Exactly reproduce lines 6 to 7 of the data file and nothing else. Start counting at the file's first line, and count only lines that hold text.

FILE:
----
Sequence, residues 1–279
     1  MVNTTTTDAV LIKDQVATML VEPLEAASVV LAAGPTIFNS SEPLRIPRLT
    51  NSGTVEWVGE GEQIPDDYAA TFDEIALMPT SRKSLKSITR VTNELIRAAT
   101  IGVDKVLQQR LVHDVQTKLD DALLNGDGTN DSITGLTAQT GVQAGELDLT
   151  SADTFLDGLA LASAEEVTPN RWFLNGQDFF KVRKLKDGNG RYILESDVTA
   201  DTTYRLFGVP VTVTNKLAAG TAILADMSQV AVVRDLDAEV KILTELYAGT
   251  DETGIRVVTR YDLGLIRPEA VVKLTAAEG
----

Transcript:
   201  DTTYRLFGVP VTVTNKLAAG TAILADMSQV AVVRDLDAEV KILTELYAGT
   251  DETGIRVVTR YDLGLIRPEA VVKLTAAEG